It’s really difficult for me to write this article. Tom Brady is easily one of my top three favorite athletes of all time. And LeBron James is just as easily my least favorite athlete in the history of sports. But, I’m putting all of that aside and looking at the facts. LeBron James is the Tom Brady of basketball.
Actually, before I put all of that aside, I want to clear the air about something first. Even if you can’t compare the two sports, Tom Brady is just better. He has a more attractive wife, he is more respected within the game, and most importantly he has more championships than LeBron.
Now, when I say that LeBron James is the Tom Brady of basketball, I don’t mean to draw similarities to their personalities, skill sets or playing styles. Instead, what brings these two athletes together is that, outside of their respective cities, they are both despised. Last year, Forbes ranked Tom Brady the sixth most “disliked” player in the NFL. Just the year before that, LeBron was ranked the second most “disliked” player in all of sports by the same magazine. It doesn’t matter if you’re a Jets or Raiders fan; chances are you love to see Tommy B lose. It doesn’t matter if you’re a Cavs or Kings fan; chances are you loved watching LBJ almost in tears at the end of Game 5 (I did). America loves to watch them fail. And when they win, their accomplishments are understated just because they are both so good at what they do.
In just over the past ten years, the two players have combined for eight championship appearances and three championship titles. They have both consistently won their divisions, won MVP awards, and have created lasting dynasties. Yet every day you can bank on an article on some sports website about how Tom Brady is getting worse and how LeBron needs to get better.
If you ask someone who isn’t a Wizards, Pistons or Cavs fan why they hate LeBron, they’ll probably point to “The Decision” as their sole justification. Similarly, if you ask someone why they hate Tom Brady, they’ll point to either his good looks or “Spygate” as their justifications. These are simply outdated excuses for athletes whose successes have been stigmatized by the media and fans alike. It’s been four years since LeBron (self-centeredly) set up his one-hour television announcement to leave the Cavs. The superstar is still paying for that mistake. Few people have noticed how much he has grown over the past four years, both athletically and professionally. He led his team to four straight NBA Finals and tried his best to stay out of the media frenzy that constantly surrounded him, even when he had players like Lance Stephenson literally buzzing in his ear. And for Tom Brady, it’s been SEVEN years since Spygate, but I can guarantee you longtime Dolphins fan and king of nonsensical arguments, Zach Dinte, will still use it in an argument about why Tom Brady sucks. Because James and Brady lose so rarely, and because they give the sports world so little to actually hate about them, they haven’t been able to shed the one mistake they’ve made in their esteemed careers. Sports fans have a bizarre ability to completely ignore the flaws in their idols, and at the same time focus only on the flaws of their rivals.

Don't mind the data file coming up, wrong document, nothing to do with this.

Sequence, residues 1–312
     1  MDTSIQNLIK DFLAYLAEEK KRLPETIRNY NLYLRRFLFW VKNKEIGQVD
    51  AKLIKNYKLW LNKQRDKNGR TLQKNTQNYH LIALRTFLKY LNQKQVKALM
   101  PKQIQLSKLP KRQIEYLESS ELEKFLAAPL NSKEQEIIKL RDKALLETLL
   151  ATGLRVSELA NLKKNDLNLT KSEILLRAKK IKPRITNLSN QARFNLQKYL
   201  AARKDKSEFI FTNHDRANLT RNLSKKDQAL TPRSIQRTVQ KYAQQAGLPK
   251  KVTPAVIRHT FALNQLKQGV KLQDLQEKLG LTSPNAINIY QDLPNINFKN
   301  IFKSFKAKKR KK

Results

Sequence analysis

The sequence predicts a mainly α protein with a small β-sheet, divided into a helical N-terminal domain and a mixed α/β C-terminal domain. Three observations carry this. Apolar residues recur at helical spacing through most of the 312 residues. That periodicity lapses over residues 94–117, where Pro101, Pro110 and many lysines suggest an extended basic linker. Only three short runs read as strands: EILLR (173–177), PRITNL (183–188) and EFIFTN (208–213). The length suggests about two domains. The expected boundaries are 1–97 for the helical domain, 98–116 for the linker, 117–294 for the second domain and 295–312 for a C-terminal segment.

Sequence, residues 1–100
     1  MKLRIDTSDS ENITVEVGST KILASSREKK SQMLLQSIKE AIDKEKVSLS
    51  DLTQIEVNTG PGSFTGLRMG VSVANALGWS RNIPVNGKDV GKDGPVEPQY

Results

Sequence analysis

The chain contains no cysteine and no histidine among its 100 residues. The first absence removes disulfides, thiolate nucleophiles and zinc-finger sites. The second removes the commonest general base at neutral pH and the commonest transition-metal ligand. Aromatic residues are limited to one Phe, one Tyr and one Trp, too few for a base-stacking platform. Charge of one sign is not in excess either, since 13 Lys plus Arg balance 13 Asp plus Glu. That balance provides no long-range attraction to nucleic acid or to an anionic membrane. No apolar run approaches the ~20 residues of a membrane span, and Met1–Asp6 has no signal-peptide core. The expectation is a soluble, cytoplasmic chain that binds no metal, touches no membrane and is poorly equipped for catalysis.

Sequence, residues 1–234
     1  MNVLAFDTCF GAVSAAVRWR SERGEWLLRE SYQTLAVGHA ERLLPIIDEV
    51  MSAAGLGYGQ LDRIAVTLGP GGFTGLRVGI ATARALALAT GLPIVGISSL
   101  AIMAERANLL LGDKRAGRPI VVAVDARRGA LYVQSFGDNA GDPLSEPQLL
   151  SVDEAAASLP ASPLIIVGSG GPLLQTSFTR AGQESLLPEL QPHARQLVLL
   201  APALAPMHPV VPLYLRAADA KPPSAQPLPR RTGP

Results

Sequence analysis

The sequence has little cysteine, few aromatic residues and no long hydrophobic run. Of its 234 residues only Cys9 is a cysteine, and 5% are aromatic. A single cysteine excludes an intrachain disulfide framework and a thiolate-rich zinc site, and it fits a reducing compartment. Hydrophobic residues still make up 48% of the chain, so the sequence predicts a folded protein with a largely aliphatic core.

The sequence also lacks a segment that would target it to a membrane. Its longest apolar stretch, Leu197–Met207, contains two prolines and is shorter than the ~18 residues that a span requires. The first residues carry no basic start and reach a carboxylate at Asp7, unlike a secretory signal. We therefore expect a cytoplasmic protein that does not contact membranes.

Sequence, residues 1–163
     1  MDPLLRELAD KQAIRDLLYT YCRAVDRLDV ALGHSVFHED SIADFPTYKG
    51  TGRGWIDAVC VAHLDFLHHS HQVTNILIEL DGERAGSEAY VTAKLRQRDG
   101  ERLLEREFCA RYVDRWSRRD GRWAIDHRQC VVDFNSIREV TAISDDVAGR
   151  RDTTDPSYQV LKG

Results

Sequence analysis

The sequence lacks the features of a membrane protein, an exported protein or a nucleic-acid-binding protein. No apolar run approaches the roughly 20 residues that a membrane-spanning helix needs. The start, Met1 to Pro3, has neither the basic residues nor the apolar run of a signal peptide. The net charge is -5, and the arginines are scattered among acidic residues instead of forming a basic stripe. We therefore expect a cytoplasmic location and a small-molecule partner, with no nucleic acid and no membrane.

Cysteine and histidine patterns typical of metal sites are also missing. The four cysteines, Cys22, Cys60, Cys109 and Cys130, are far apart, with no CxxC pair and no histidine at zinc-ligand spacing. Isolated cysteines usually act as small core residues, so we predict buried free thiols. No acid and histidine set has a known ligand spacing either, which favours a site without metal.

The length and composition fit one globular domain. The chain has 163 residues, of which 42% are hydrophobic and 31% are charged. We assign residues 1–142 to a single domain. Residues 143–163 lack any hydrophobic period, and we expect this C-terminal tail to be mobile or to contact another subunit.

Has either of these athletes warranted the scrutiny they have faced for so many years now? The answer to that question is the same as the answer to this one: has either athlete let the scrutiny affect their performance? No. But, that’s why they will continue to be hated — because they’re going to continue to win.